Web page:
The first drop was when I stopped hanging out with my usual office lunch buddies. We had had a row about Octomom of all people and the next day I decided I didn’t want to eat with them, so as a group of lads who I drank with sometimes after work passed on their way to the park I squealed “Can I come too?” To their, and my, surprise it was the best fun we’d ever had. There were no discussions of new gym classes or cereal bars, instead we talked office gossip and music. The more I hung out with them chatting about things that had more substance than rice crackers the more I loathed those discussions. When friends brought up the latest fad diet I would sigh and ask if we could change the topic. I found myself reading my usual stack of rag mags with a frown and skipping the investigations of soap stars’ fridges in favour of crosswords and those crazy real life stories about people who’s dogs ate their children.
Having left the body fascists and dross journalism behind I did feel a void though. The need to look at beautiful dresses and read about lipstick shades ran strong in me so I took to the internet. Thrashing about on the internet I found blogs where women of all sizes were wearing bikinis and skin tight skirts with joyful abandon. I put them in my blog reader and every day I as I read the news and kept up with all my high brow blogs about food and books, there was a beautiful woman with her jiggly bits flying free and loving it. Sometimes it was weird, and sometimes I definitely didn’t agree with their choices (in fact I still don’t like black lipstick on anyone), but the drip drip of their confidence was wearing away my old view points.
As the mantra that every body is a beautiful body ran through my mind I found myself behaving differently.
Every summer I was the first to suggest a trip to the lido, on the dancefloor I was bumping and grinding with everyone else, and before dates I was pouting into the mirror enjoying my own reflection rather than tugging my dress nervously. Sashaying out with that new verve made people react differently. Dates lavished me with compliments, friends raved about my new style, people on the internet asked me for advice about how to feel good about themselves too! Did it stop the cat callers and the douchebags who told me that I should lose weight or put on something looser or longer? Hell no. However it did mean that it began to feel like water off a duck’s back. I started to pity these people and their sad judgemental attitudes. I remembered when I was that girl side eyeing a girl with her gut stretching out a skin tight dress and I remembered how it felt to be that girl: shitty.
Taking control of my body image was a way to take back the ownership of my body. It didn’t belong to the name callers, or the media, or the bitchy girls in the changing room, it belonged to me.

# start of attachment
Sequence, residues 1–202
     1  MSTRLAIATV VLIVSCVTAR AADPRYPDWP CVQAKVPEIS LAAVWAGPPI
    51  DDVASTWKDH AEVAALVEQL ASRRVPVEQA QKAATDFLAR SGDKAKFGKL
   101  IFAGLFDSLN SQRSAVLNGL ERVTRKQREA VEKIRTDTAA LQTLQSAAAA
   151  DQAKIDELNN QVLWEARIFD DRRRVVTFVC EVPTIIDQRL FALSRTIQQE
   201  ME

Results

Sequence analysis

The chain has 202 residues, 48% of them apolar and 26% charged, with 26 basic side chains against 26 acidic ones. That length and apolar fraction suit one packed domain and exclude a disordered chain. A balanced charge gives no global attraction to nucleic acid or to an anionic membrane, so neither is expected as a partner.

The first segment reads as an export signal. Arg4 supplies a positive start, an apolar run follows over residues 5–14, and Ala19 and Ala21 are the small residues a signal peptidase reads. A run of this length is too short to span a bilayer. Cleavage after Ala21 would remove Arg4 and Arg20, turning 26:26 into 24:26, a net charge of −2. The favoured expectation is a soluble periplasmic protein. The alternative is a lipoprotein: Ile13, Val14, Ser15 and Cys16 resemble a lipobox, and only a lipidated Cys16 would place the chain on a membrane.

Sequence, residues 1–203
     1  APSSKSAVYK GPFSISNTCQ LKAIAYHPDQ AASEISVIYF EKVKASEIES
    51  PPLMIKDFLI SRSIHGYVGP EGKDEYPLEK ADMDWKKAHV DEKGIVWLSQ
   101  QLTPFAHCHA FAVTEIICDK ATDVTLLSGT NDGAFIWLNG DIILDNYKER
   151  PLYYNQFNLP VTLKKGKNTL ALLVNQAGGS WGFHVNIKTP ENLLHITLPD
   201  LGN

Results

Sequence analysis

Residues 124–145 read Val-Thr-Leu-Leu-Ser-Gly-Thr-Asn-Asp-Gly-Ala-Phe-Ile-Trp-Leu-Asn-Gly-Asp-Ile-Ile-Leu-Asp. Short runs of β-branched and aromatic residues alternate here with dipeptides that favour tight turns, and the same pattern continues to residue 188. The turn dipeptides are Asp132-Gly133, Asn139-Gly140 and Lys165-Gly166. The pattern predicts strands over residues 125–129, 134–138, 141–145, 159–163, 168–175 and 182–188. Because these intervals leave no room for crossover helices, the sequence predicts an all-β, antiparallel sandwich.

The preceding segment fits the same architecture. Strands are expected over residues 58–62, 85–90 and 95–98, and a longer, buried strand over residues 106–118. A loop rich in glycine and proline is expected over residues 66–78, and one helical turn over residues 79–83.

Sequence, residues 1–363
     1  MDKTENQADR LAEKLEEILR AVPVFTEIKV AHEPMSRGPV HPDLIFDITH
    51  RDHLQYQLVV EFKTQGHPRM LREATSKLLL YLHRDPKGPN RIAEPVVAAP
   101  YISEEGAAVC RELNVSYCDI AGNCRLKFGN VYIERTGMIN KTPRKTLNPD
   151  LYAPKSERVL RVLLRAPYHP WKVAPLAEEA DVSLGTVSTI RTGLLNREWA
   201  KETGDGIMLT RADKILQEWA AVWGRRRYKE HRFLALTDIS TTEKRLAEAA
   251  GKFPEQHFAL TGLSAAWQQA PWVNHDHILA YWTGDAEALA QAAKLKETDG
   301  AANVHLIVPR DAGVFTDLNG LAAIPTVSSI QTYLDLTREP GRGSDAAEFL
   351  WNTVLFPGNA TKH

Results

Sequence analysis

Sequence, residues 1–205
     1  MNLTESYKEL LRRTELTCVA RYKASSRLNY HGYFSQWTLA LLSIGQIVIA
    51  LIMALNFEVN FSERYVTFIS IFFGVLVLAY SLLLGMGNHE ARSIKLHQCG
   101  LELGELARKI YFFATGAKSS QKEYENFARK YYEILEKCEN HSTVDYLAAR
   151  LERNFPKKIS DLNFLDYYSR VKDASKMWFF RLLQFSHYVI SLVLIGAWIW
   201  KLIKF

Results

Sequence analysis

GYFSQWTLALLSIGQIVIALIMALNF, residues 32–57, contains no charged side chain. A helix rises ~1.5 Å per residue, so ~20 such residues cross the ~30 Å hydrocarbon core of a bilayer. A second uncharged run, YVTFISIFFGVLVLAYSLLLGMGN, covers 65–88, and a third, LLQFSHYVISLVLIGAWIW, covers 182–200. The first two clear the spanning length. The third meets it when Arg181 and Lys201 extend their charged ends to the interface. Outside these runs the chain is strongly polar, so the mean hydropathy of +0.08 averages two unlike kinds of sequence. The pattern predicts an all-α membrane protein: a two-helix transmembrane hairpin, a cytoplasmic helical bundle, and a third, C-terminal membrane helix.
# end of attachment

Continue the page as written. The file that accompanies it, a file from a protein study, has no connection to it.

It wasn’t a lumpen piece of wood waiting to be whittled into a tiny piece of beauty. It was brilliant in it’s own right. And so I turned to exercise. Having always felt it was something out of reach, something only toned sweatless women did against dappled backdrops, I decided to give it a go. The first time I rode my bike I was so tired I had a nap once I reached my boyfriend’s house. The first time I ran I got home and lay on the hallway floor, and the first time I did aerial hoop my sister had to pull me out of an armchair as I couldn’t get out of it myself. I am not a born athlete. But each time I finished my dramatic cool down I felt a little spark in me flare. No-one had died seeing my bra as I hung upside down from the hoop. No cars had crashed when I ran across the road in leggings. And no-one had fainted as I accidentally cycled along a cars only tunnel under the Thames, though I came pretty close to doing so myself. So I got out and I did it again, and again, and again, until one day I got so excited about buying new running shorts that I got up an hour earlier than usual so I had time to test them out properly.
That morning I had begun my run wondering what was wrong with me, how I gone from that girl with the bizarre list inside her wardrobe, to this one who was sweating out of every pore, running in tiny shorts, revelling in the bomp bomp feeling of her butt jiggling. And I realised it was the total opposite: nothing was wrong with me, in fact everything was finally just right.
Vanessa Pelz-Sharpe is a writer and broadcaster. Born and bred in London, she has written for a number of independent magazines and newspapers, including The Guardian, Illustrated Ape, and Pen Pusher, and was Contributing Editor for literary magazine Full Moon Empty Sports Bag.
Title inspired by this “deeply uncool” song (though I think deeply cool). Thanks again Vanessa!